Prostate cancer, oh my! What exactly is it? What exactly is it tested for? Everyone is aware of the existence of breast cancer and the fact that a self-breast exam and mammogram are used to detect the disease. Pr0state-cancer, on the other hand, does not receive nearly as much attention. In that case, here’s what you should know about prostate cancer.
What Is the Cause of Prostate–Cancer?
Prostate cancer is a disease that only affects men. This is due to the fact that only men have a prostate. The prostate is a gland in the male reproductive system that sits just below the bladder and in front of the rectum. It is responsible for the production of testosterone.
Prostate cancer is a disease that progresses at a glacial pace. Adenocarcinoma of the prostate is the most common type of prostate cancer. This cancer develops in the gland cells that produce the fluid that is added to the sperm during the fertilization process.
The prostate gland can be the site of the development of other cancers, such as sarcomas, small cell carcinomas, and transitional cell carcinomas, among others. This, on the other hand, is extremely rare. Adenocarcinoma is the most common type of prostate cancer.
Prostate cancer can manifest itself in a variety of ways.
Because of how slowly prostqte cancer can develop, many men die of natural causes such as old age or other illnesses without ever realizing they had prostate cancer. However, this is not always the case, and it is critical to be aware of the warning-signs-of prostate cancer, which-are-as-follows:
The following symptoms may be present:
- Increased frequency of urination
- Increased urgency to urinate
- Urinating multiple times during the night
- Hesitant to urinate I’m having trouble getting the flow going.
- Loss of bladder control
- Blood in the urine
- Blood in the semen
- New onset of erectile dysfunction
- Pain in the bones of the lower back, hips, and/or ribs
- New onset of erectile dysfunction
All of these symptoms could be indicative of something else, of course, but you should see your doctor if you are experiencing any of these signs and be aware that you may be tested for pr0state-cancer if you do.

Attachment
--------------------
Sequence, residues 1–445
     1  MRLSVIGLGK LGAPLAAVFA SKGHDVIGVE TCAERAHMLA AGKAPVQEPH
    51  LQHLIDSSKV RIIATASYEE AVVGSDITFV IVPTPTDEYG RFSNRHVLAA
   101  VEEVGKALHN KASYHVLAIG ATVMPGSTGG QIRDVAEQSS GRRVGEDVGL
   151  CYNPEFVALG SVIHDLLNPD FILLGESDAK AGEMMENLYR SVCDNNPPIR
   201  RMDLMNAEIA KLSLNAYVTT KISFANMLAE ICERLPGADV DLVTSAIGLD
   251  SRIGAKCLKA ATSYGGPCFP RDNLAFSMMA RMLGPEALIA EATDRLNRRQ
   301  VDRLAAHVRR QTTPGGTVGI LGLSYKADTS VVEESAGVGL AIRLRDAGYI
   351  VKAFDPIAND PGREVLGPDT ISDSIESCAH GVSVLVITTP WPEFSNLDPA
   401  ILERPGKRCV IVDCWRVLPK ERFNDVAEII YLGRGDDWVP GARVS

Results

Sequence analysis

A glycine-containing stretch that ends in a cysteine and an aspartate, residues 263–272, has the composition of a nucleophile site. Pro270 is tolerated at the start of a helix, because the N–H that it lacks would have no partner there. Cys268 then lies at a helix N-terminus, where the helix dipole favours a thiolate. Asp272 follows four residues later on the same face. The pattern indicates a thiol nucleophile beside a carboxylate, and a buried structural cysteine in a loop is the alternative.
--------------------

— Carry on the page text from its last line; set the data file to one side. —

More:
In order to diagnose prostate cancer, a number of tests are performed.
The presence of prostate cancer can be detected by measuring the amount of PSA (Prostate-Specific-Antigen) in the blood. PSA is a substance produced by the cells of the prostate gland. It is a hormone. When these levels rise, it may be a sign of prostqte-cancer in the early stages. However, due to the fact that other factors, such as an enlarged prostate or advanced age, can increase the production of PSA in the blood, this is not always accurate. Your doctor may recommend that the test be repeated at a later time, or he may refer you to a specialist who will perform a biopsy of your prostate.
Another method of screening for prostate cancer is through the use of a Digital Rectal Examination (DRE). This is the exam that every man dreads, where a gloved finger is pressed against the prostate gland. Although this exam is less effective than the PSA test, both tests have the potential to produce false positives or negatives in a significant number of cases. As a result, it is critical that you discuss your options with your doctor.
It’s the most effective method we have for early detection. The discussion of testing should begin around the age of 50 for the majority of men. If you have a family history of prostqte cancer, however, you should begin talking to your doctor about it as soon as you reach the age of 45. It is entirely up to you whether or not you are screened. Because prostate cancer develops slowly, it may not be necessary to undergo screenings that can cause anxiety or mislead you into believing you don’t have the disease when you actually do.